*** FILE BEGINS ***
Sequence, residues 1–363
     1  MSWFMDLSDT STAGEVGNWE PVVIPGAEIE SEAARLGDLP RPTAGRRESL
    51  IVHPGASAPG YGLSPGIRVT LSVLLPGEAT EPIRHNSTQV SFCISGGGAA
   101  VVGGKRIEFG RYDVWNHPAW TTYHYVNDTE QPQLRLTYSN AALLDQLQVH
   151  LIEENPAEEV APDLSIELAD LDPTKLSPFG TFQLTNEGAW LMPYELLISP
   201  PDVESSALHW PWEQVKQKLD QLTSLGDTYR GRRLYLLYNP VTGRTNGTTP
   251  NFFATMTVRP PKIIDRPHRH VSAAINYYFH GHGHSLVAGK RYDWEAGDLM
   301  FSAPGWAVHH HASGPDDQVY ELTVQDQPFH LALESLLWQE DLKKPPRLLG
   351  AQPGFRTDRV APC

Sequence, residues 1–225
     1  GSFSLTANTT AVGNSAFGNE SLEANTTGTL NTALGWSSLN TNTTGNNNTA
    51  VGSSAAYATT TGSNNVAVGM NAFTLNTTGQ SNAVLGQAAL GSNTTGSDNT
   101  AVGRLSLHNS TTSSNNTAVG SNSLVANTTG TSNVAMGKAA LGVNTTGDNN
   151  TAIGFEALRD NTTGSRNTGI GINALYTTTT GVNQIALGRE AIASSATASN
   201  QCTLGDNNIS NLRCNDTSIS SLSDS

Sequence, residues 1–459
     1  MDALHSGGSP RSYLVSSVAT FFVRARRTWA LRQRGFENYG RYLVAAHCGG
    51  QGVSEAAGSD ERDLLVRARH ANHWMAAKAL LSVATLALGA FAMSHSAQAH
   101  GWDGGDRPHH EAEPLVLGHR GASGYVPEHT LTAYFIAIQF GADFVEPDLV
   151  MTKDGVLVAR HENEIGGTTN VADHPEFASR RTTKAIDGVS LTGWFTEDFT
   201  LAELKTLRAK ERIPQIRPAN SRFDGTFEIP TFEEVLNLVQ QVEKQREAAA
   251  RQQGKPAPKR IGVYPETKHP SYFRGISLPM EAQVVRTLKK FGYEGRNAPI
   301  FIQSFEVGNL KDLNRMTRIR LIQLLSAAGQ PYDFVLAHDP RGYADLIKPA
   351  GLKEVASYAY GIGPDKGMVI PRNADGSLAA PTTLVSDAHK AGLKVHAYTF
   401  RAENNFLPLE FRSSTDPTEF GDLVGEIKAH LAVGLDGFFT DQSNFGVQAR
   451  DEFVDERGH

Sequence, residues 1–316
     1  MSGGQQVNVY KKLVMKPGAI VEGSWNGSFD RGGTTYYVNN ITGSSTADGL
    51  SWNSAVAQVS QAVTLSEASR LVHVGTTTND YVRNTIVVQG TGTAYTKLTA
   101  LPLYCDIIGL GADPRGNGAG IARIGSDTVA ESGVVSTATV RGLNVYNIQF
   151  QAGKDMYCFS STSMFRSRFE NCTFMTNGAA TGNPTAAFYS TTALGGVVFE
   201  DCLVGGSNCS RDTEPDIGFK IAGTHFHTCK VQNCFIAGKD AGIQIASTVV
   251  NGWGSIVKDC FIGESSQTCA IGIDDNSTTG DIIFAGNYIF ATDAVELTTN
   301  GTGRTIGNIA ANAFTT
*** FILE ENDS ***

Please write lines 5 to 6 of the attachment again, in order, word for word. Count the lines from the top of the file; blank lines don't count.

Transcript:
   151  LIEENPAEEV APDLSIELAD LDPTKLSPFG TFQLTNEGAW LMPYELLISP
   201  PDVESSALHW PWEQVKQKLD QLTSLGDTYR GRRLYLLYNP VTGRTNGTTP